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The Sunday Paper: Oh, Irene!

We don’t watch the news much.  Don’t get the local newspaper.  Heck, before we had cable and internet, the only world information we received was through our Facebook newsfeed!  I still remember the morning when I was scanning through the posts on my phone and told Jared Osama Bin Laden had been killed.  If that’s not a sign of the times, I don’t know what is.

So as the news starting getting more serious about the potential of Hurricane Irene causing massive destruction to the East Coast, we actually started paying attention.  Night after night, Brian Williams was checking in with reporters up and down the coast, talking about the possiblity of New York City getting a direct hit.  And we couldn’t help but feel like we were in the summer version of The Day After Tomorrow.

Off to bed we went after another Saturday of beautiful weather.  And just as they said, the wind and rain came Sunday and hung around all day.  Truthfully, we’d been hoping for rainy days all summer long. It’s our way of justifying staying in our office all day, behind the computer, without feeling like we’re missing out.  Because we’ve been missing out. All. Summer. Long.  So when the rain came, we were glad.  And the cleaning bug bit and we started sifting through the stack of mail, receipts and paperwork that had been gathering dust in our office.  Most of the day was spent cleaning, editing, placing orders and catching up on emails.  Then the lights flickered.  Thought nothing of it.  A couple hours later, another flicker.  And after flicker number three, we decided to unplug all computers and hard drives and play it safe.

Just as we were settling into a marathon of Auction Hunters that we somehow hadn’t seen already, the power cut out.  It was 8:00pm.

Now what?  I haven’t had a good book to read since we lived down in Boston.  Haven’t taken the time to read since then as a matter of fact.

All I really wanted to do was curl up on the loveseat and watch a movie.

But Jared had other ideas.  Literally seconds after the power went out, he proclaimed it was time for Monopoly!  Off he went into the closet to pull it out of storage and quickly began setting it up on the dining room table.  I was initially reluctant to join in because my Monopoly memories are of endless games, coupled with unreasonable trades, unecessary chants and always losing.  But Jared was so excited to play that I gave in and my dad joined too.  And dare I say, I had fun.  We brought out our big Yankee Candle (Christmas Cookie, of course), setup my dad’s massive flashlight on top of a ladder and started to play.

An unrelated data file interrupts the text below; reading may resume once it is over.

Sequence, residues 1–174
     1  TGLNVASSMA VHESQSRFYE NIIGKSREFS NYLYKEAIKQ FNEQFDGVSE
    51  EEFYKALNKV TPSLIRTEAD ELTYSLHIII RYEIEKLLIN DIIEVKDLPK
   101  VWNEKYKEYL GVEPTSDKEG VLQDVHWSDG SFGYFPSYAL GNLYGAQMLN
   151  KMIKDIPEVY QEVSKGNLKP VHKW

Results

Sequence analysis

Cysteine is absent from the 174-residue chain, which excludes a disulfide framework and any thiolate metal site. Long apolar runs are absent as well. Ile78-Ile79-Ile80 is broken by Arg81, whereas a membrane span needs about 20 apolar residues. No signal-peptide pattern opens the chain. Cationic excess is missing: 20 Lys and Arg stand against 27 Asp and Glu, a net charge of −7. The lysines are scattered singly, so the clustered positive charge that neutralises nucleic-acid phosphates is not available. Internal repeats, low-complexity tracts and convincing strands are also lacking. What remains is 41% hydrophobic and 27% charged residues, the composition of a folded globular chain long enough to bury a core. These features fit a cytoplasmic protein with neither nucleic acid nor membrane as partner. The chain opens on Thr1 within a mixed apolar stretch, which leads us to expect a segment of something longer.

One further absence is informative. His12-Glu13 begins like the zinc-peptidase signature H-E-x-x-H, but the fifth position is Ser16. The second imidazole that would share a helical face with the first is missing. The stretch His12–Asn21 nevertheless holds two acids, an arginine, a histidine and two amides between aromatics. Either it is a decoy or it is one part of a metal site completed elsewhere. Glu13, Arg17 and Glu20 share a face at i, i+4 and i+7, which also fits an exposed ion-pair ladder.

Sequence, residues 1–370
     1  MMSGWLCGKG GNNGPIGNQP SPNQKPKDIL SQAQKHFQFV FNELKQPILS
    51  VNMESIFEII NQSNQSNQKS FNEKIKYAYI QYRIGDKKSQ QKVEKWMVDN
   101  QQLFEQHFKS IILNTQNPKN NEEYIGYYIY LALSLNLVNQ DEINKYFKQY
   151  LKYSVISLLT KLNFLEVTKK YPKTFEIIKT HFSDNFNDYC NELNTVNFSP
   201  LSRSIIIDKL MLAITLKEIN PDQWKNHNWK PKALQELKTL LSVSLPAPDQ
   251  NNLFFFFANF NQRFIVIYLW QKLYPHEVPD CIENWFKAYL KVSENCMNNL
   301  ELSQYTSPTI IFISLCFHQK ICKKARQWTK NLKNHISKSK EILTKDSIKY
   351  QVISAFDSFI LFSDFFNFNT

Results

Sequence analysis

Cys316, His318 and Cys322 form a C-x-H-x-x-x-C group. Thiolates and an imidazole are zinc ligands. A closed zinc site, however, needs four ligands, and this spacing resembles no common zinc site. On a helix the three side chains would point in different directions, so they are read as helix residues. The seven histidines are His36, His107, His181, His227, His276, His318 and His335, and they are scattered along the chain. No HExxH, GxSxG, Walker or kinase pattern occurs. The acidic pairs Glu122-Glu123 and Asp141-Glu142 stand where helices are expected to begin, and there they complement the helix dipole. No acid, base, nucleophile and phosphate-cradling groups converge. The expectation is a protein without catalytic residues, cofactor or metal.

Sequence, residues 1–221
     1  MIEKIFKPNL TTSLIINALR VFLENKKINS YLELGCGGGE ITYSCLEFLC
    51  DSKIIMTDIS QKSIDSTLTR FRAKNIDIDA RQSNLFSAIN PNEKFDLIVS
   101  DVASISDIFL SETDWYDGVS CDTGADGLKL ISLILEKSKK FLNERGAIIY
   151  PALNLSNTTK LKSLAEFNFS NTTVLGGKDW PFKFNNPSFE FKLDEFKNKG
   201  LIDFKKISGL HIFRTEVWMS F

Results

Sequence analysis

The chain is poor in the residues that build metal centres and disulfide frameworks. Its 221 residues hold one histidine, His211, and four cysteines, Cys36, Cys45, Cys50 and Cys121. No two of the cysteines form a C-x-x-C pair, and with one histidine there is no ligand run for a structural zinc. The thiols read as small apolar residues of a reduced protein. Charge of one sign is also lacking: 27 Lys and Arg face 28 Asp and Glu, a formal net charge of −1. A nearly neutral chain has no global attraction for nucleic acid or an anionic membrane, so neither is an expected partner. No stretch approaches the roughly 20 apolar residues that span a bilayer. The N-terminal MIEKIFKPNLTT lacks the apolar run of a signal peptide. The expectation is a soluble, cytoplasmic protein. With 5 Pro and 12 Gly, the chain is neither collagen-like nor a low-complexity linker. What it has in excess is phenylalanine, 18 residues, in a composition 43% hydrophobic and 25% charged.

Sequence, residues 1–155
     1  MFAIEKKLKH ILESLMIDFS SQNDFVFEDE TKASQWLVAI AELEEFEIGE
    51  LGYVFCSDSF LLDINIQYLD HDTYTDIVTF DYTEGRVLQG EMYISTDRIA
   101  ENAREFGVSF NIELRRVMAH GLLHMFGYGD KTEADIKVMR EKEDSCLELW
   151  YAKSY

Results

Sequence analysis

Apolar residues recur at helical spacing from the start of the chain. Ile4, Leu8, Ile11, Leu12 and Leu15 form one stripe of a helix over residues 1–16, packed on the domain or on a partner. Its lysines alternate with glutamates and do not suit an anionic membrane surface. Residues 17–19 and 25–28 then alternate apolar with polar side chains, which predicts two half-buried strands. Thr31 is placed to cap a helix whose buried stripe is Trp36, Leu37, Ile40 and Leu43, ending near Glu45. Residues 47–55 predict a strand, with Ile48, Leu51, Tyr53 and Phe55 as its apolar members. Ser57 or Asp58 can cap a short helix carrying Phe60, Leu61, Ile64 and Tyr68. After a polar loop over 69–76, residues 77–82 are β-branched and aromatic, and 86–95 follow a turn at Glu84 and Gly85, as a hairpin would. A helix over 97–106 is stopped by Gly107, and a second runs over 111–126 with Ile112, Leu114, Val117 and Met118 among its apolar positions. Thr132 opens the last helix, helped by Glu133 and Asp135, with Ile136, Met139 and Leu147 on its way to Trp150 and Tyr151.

With the first role of the dice, I was struck with how the harsh light cast perfect shadows on the game pieces.  The bright colors and contrast brought the photographer out of me and compelled me to grab a camera.  What most people don’t realize is that once you start taking pictures for your job, you stop taking them for yourself.  Which is sad, but still true.  And yet, in the near dark, I was brought back to the reason why I began taking pictures in the first place.  Seeing the ordinary in an extraordinary way.  And capturing that forever.

The power came back on before the game was over but we didn’t stop.  Instead, we turned off all the devices that suddenly came back to life and continued our game by candlelight/flashlight.  About two hours after we began, my dad was declared the winner.  I happily came in second while Jared came in a disappointed third.  He has since asked for a rematch.  And probably will continue to ask until he wins.  I’m thinking we’ll turn off the lights for round two 🙂

Erin B.S. - Love the shots, Debbie! Especially the light-on-the-ladder one. So neat!

Kathy Ellen Davis - I argue that
1. The chants were always necessary and
2. You should always have a book to read.

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